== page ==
Pride Month Equality March puts LGBTQ+ students en route to political activism

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Students march towards the State Capitol to promote LGBTQ+ rights.
Students march towards the State Capitol to promote LGBTQ+ rights. / Robert Gill/FSView

A chant emanating from the heart of Florida State University’s campus gradually echoing into downtown Tallahassee: “Out of the closet, into the streets!” An energetic group of students and LGBTQ+ supporters projected their voices in celebration of National Coming Out Day, maintaining an air of celebration as they joined together to promote equality.

They proudly carried their signs, ornamented with phrases like, “Butch, please!,” “Equality,” “Proud to be an ally” and “Butch, Don’t Kill My Pride.” 

Friday’s Pride Month Equality March to the Capitol sent a clear message that Florida State University’s LGBTQ+ community is strong and continues to gain momentum. 

“Today is National Coming Out Day,” said Pride Student Union Executive Director Victoria “Tori” Gentry. “It’s a day of pride, to celebrate how people have had the courage to come out, which it takes a lot, a lot to come out, especially if you are out in all aspects of your life, meaning home, friends, work. It’s a really big celebratory day.”

The march is held annually in observance of the day, but this year, Gentry said, is the first year the march has culminated at the Capitol.

“One of the things we’ve been focusing on this year is that visibility is really important,” Gentry said. “Through visibility, especially on campus, people become more aware of our issues, which, I think, breeds inclusivity and the more people know, the safer campus is.”

Apparent from the cheers of onlookers coming to and from class and supportive honks from an FSU bus driver, the LGBTQ+ community and all marching allies represented their cause in a very effective and visible way.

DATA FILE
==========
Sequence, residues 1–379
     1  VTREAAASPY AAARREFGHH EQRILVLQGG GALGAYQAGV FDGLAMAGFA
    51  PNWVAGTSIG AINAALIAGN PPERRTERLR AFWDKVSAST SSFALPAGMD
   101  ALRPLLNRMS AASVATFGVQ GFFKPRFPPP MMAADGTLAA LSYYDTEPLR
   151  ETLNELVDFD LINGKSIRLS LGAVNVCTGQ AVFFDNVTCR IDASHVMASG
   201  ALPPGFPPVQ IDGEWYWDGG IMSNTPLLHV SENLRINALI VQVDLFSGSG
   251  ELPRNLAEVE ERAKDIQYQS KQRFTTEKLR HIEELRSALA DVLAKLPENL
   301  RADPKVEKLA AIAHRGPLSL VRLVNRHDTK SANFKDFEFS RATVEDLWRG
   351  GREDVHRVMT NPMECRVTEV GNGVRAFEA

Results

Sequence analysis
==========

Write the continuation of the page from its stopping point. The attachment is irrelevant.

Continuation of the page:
Fostering visibility and inclusion, this year’s march saw FSU’s Pride Student Union partner with NAACP, who, according to Gentry, are a perfect ally in the cause for equality. 

“They came to us to make it a really big deal,” Gentry said. “They believe in equality for all as well. They wanted to partner up with us to make a stance.” 

Jarryd Boyd, public relations chair for Pride, explained the significance of bringing the march on a slightly different route, through campus and to the Capitol: 

“We’re taking it to the capitol to really highlight LGBTQ+ issues across the state,” Boyd said. “The main message we’re trying to send this year is to really bring equality issues to the forefront. We should be focused on equality issues because the truth is LGBTQ+ members are everyday people who are just the same as their heterosexual brothers and sisters. People think LGBTQ+ issues don’t affect them, but they do. The more we’re talking the more we’re making progress.” 

The purpose of the march was to project the voice of the LGBTQ+ community to promote change that will lead to further equality. 

Taking the march throughout campus was strategic not only to encourage people to come out and be proud of who they truly are, but also to raise awareness of the issues to the people who will ultimately make the most impact on policy: college students who are also voters. 

Bringing the march to the Capitol marks a bigger political move, to let the government know where the LGBTQ+ community and its supporters wish to go. 
“It’s about getting people on board with equal rights in general,” FSU student Jo Winters said.

Self-proclaimed “non-traditional” student, Winters, 35, expressed her pride in the people she marched with. 

“I’ve learned so much from being at FSU,” Winters said. “Learning about their organizations and watching people transition. It’s just different from when I grew up. Everybody was in the closet. Coming out was a big deal. People were scared. And it’s nice to actually see change happening.”

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